The Advisory Boar

By Abhijit Menon-Sen <>

Installing CentOS 5.3 remotely


While moving a client's moderately complex mail and web setup to a new machine, I discovered that it ran an older version of CentOS than the existing server (4.8 vs. 5). I got all the relevant software installed, but major-version differences in packages like Apache and MySQL made me feel less than confident about putting the result into production right away.

The client and I agreed that it would be best to run CentOS 5.x on the new server, so I started looking for a way to upgrade. GigeNET support suggested “yum update” and “yum upgrade -y”, but those commands are analogous to Debian's “apt-get upgrade” and I wanted something like “apt-get dist-upgrade”. In fact, there doesn't seem to be any recommended way to remotely upgrade CentOS. Fair enough. I wouldn't want to mess with a running server either, but this was a special case.

After a little research, I found this blog post about remotely reinstalling CentOS by booting the PXE installer images via grub and connecting to the running installer using VNC. It sounded promising, if a bit risky. I decided to try it, based on an endorsement of the method by #centos, because I saw no other realistic options. The crux of the technique is to boot from an entry like the following in /boot/grub/menu.lst:

title CentOS installer
    root (hd0,0)
    initrd /initrd-pxe
    kernel /vmlinuz-pxe vnc vncpassword=whatever headless ip=A.B.C.D netmask=N.N.N.N gateway=N.N.N.N dns=N.N.N.N ksdevice=eth0 method= lang=en_US keymap=us

The server took forever to come up after I rebooted (I suspect that it runs a slow self-test on 4GB of RAM, and I foresee many panic-filled moments in my future in which I wonder if the machine is ever going to come back up), but I was able to connect to it afterwards using a VNC client (xvnc4viewer, which I installed while waiting). To my surprise, the entire experience was quite pleasant. The installer was much more responsive than I had expected based on my experience, many years ago, of remotely installing Oracle 8i using the (then shiny new) Java installer via X forwarded over SSH on a 14.4k PPP link. I grabbed a quick nap while the installer downloaded packages.

When I woke up, the installer had reached the "Click Reboot to finish installation" stage, but the VNC session was unresponsive because my PPPoE link went down and came back up with a different IP sometime during the night. I restarted xvncviewer, but it claimed the server was in use (even after an hour) and wouldn't let me reconnect. I took a chance and rebooted the server using the hosting provider's web-based administration interface, hoping that the installer wasn't lying about having no more work to do.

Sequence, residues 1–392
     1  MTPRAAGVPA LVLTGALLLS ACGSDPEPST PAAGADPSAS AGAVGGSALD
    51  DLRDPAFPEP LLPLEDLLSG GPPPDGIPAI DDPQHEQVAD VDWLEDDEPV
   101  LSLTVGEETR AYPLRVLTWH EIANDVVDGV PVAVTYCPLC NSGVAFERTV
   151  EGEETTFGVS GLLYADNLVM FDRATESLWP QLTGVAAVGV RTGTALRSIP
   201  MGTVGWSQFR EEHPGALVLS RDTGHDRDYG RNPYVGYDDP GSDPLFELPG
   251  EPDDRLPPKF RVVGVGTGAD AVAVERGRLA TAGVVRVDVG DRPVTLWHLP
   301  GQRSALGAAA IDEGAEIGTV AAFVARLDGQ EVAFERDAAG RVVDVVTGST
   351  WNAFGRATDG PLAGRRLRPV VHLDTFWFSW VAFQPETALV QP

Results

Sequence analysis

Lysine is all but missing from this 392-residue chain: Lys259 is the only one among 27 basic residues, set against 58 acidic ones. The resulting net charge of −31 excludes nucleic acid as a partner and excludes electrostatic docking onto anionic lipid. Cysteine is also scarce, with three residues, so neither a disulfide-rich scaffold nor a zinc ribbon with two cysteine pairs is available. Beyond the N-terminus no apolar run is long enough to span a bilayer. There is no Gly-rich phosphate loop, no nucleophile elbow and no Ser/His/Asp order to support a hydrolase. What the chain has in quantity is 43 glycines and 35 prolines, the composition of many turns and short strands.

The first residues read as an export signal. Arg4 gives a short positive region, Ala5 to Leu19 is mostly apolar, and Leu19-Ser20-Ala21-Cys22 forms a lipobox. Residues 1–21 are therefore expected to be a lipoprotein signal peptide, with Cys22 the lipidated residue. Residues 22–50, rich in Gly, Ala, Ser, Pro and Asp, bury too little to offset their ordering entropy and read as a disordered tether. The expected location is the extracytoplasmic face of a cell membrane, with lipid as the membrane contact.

After another heart-stopping wait, however, the shiny new CentOS 5.3 server came up just fine.

Virtual hosting with Ejabberd


I have been running Ejabberd from the default Debian packages on for some time now, with just enough bells and whistles to serve my own rather modest needs. Recently, some friends asked me if I would serve Jabber for their domains too, and I was pleased to find that relatively easy to do.

Let's suppose I want to serve The first step is to add to the list of hostnames in ejabberd.cfg:

{hosts, ["", ""]}

Next, I have to restart Ejabberd to make it accept the new hostname.

Then I use ejabberdctl to register the new JID, while soothing irate users whose connection to the server was dropped during the previous step, and wishing that the server could just accept arbitrary hostnames in JIDs and do the necessary magic internally without needing to be restarted.

ejabberdctl register foo somepassword

Now the new user should be able to login to the server using their favourite Jabber client.

Finally, the following SRV records must be added to the zone in order to delegate XMPP/Jabber service to my server.      SRV 0 0 5222 SRV 0 0 5222 SRV 0 0 5269

Once the world can see these records, anyone trying to contact someone at will talk to my server (that is, unless it is an unpatched Net::XMPP client).

Life with two PPP links


We have DSL service from two ISPs: MTNL (purchased in 2006, when they were the only provider in the area) and Airtel (purchased in 2009 during a week-long outage on the MTNL line). By coincidence, both ISPs gave us UT Starcom UT-304R2 modems (but with different packaging and firmware); these are configured as bridges, and I have two PPPoE interfaces set up on my Linux gateway.